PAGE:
Phuong had seen the film on a pirated videotape, and was seduced immediately by the glamour, beauty, and sadness of Scarlett O’Hara, heroine and embodiment of a doomed South. Was it too much to suppose that the ruined Confederacy, with its tragic sense of itself, bore more than a passing similarity to her father’s southern Republic and its resentful remnants?
-from the story “Fatherland”
Here are my thoughts on the stories included in Viet Thanh Nguyen’s The Refugees:
Black-Eyed Women: In my post for Nguyen’s novel The Sympathizer, I didn’t mention that he uses ghosts as not only a little comic relief but to great literary effect. In this story, he does it again. Maybe not for the comedy but, again, for great literary effect and story-telling.
The Other Man: Two gay men sponsor a Vietnamese refugee sometime around the late 1970’s. They all have some adjustments to make.
War Years: A story demonstrating that a totalitarian mindset can begin anywhere – even in a group of Vietnam refugees making their way in the United States.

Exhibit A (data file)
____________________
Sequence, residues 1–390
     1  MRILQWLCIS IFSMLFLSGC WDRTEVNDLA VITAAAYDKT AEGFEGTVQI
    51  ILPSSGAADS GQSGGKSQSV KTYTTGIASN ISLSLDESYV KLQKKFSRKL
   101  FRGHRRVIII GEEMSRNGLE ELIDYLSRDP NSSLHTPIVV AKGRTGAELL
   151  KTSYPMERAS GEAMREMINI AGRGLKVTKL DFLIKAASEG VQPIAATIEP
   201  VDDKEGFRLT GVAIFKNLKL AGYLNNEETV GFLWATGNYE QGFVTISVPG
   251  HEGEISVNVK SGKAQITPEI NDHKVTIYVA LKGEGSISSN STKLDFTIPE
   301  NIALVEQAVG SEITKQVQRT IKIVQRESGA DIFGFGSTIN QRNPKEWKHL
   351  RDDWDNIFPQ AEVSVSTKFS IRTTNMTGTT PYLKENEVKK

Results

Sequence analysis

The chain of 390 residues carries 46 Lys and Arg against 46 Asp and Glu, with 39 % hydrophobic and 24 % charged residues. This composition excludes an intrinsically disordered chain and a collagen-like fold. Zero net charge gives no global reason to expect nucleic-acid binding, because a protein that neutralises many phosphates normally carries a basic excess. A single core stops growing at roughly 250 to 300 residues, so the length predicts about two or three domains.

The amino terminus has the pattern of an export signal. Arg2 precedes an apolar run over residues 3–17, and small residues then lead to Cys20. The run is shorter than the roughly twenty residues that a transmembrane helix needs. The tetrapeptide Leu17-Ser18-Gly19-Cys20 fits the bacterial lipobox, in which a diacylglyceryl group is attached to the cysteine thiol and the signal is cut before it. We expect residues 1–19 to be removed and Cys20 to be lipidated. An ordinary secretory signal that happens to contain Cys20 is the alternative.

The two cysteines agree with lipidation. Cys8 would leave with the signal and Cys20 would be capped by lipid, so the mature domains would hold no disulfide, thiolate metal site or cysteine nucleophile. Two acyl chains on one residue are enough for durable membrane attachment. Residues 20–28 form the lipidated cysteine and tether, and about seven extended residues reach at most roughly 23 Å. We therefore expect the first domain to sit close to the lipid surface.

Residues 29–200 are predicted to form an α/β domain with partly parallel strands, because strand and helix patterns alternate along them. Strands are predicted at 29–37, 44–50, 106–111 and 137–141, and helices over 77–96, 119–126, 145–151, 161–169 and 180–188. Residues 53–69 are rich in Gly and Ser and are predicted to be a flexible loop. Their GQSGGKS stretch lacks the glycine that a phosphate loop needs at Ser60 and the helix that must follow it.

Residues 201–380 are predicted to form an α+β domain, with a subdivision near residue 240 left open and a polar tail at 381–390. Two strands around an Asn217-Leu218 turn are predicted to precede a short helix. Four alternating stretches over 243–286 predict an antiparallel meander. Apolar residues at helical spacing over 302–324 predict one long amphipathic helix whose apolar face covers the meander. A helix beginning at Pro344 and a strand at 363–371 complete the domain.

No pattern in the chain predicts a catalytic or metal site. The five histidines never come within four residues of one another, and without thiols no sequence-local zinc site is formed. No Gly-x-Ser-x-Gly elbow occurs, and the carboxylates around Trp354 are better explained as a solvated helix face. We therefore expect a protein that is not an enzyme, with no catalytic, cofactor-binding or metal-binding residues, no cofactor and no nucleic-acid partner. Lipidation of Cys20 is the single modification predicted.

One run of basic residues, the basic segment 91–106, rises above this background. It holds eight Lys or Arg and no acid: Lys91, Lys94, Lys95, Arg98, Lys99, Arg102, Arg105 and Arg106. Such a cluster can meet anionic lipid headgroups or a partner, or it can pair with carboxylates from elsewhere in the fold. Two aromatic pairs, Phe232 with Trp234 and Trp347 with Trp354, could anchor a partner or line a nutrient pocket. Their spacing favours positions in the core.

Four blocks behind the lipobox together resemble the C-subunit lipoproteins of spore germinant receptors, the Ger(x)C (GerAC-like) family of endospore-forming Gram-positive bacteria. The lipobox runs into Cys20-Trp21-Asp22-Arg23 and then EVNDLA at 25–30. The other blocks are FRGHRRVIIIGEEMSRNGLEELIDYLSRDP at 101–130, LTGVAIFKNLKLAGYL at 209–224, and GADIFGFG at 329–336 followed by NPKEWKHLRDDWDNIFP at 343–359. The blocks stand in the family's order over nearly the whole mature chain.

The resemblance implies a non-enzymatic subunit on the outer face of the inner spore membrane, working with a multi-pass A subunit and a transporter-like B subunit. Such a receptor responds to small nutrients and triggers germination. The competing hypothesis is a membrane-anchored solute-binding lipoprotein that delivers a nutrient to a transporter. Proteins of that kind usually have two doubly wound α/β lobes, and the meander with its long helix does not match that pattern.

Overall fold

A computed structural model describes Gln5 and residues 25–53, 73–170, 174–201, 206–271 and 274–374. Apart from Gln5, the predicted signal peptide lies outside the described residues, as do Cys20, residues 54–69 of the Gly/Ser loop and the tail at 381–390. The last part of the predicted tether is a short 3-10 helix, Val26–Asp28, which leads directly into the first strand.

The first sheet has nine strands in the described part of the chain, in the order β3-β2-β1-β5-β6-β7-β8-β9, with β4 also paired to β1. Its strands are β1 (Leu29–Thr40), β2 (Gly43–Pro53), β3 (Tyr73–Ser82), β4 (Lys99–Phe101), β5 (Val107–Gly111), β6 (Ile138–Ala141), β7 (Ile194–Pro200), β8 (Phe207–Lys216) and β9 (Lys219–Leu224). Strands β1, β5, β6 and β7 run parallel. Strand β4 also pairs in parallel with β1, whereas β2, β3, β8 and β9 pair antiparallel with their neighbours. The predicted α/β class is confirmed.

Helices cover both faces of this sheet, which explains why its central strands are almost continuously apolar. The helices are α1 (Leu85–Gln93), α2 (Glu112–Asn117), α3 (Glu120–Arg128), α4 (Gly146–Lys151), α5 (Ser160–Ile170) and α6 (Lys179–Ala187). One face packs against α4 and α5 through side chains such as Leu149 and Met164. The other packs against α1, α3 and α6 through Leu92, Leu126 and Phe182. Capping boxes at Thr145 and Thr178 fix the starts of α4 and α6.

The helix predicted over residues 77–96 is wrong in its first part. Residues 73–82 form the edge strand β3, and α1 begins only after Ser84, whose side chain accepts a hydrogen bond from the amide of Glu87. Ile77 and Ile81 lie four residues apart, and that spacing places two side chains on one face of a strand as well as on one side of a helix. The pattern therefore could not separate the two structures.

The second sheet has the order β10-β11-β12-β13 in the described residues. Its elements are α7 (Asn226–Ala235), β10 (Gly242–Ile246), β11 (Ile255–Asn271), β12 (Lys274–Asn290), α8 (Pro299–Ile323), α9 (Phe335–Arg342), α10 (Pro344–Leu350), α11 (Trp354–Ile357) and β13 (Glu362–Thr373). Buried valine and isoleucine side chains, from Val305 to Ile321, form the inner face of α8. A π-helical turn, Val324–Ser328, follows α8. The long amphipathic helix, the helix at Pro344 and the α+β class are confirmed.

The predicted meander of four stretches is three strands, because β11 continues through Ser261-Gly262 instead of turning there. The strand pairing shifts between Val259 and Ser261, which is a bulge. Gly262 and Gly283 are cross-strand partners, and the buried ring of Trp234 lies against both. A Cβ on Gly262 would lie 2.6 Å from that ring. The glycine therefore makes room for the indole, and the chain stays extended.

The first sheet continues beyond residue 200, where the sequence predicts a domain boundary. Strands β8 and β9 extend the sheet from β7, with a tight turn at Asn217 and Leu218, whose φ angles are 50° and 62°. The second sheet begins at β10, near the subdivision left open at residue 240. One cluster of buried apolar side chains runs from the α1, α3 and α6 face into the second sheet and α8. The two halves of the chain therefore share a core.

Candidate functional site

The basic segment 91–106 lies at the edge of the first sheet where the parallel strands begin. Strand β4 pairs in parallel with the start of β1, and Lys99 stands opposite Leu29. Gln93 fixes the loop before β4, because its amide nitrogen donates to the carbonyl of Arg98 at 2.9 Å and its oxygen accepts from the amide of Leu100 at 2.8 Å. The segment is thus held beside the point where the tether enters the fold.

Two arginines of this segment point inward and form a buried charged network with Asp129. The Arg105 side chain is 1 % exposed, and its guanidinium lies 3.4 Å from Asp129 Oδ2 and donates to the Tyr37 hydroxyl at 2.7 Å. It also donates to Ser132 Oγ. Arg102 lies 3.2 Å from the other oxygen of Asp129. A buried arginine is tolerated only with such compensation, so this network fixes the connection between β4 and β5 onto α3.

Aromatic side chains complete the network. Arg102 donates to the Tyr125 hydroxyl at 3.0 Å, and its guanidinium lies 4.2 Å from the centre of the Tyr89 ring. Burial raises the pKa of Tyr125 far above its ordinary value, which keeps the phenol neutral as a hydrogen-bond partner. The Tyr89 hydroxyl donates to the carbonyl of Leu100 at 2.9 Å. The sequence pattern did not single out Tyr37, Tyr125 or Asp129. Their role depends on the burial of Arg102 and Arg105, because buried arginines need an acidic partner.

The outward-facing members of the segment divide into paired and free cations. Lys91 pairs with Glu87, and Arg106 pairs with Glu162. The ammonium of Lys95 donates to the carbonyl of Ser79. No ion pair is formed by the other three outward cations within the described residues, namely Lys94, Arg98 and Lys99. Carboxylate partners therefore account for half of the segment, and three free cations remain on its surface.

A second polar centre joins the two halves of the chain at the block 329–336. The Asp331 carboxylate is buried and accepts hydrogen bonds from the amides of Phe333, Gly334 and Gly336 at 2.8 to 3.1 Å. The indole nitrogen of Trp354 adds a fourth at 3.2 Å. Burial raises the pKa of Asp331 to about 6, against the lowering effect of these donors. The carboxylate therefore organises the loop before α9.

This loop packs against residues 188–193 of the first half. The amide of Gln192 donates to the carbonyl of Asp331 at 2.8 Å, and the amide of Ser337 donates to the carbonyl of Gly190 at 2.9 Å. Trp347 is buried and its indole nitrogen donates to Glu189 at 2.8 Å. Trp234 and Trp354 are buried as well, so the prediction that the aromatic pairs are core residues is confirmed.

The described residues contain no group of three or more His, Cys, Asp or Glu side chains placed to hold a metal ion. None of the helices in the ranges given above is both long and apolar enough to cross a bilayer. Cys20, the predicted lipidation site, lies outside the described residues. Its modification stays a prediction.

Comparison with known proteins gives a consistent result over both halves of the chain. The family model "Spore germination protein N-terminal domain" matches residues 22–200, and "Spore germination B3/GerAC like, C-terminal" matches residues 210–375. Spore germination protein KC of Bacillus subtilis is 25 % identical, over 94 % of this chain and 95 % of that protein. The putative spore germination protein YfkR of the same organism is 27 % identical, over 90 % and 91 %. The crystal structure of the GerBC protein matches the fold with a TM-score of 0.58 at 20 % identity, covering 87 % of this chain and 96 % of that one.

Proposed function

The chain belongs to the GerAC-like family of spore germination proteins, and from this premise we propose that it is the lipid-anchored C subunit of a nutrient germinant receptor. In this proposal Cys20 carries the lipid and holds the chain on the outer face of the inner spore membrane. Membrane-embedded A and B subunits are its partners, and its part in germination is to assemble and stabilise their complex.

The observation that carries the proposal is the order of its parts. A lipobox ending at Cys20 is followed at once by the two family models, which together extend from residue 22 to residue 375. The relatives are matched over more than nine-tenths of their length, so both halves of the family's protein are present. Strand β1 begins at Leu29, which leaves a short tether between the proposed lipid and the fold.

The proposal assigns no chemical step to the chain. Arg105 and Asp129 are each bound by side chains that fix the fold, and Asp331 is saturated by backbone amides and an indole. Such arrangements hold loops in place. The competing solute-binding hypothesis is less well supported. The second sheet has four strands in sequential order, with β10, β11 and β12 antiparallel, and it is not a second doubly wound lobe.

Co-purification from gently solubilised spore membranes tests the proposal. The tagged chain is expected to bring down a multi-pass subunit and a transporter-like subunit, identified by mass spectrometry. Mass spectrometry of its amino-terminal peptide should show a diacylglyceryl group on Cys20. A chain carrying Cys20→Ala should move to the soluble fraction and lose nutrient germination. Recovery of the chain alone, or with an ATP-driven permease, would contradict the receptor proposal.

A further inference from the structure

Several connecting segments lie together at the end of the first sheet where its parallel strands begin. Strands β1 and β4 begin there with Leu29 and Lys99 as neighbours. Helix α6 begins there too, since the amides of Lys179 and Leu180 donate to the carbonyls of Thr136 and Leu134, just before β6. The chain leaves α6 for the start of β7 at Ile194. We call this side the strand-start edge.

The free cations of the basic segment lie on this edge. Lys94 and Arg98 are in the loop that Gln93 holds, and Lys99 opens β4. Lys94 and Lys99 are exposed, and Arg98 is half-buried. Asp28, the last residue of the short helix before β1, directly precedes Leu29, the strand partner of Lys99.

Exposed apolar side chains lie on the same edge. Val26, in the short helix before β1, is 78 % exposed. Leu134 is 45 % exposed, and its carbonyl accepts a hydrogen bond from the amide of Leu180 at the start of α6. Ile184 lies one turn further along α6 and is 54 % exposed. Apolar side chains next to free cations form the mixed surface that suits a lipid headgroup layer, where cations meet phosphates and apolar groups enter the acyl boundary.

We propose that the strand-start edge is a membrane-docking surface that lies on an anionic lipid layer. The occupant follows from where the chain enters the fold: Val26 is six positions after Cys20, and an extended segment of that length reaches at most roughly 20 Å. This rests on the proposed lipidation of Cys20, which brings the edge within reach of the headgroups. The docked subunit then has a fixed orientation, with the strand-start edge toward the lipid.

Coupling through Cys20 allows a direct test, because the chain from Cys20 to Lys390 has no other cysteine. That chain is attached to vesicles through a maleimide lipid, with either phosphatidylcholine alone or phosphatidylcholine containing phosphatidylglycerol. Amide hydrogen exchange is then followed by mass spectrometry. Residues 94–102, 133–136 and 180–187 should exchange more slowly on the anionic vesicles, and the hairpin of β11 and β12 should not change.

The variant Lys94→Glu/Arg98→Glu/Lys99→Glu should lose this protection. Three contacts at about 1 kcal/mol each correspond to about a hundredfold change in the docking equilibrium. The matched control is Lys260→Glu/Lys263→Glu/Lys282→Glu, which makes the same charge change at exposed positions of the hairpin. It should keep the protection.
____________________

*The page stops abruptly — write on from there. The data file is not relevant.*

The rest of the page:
The Transplant: A Hispanic man attempts to locate the family of the Vietnamese man who gave him his liver. It takes him places he wasn’t intending.
I’d Love You to Want Me: I already posted about this one here. My favorite one of the group!
The Americans: Unless I missed it, this is the one story that does not include Vietnamese refugees; however, refugees can take other forms in America.
Someone Else Besides You: A tough father and son story might make this my second favorite story here.
Fatherland: This one tells the story of the wartime affect on the next generation of a refugee family. Not everyone is able to pull themselves up by their boot straps.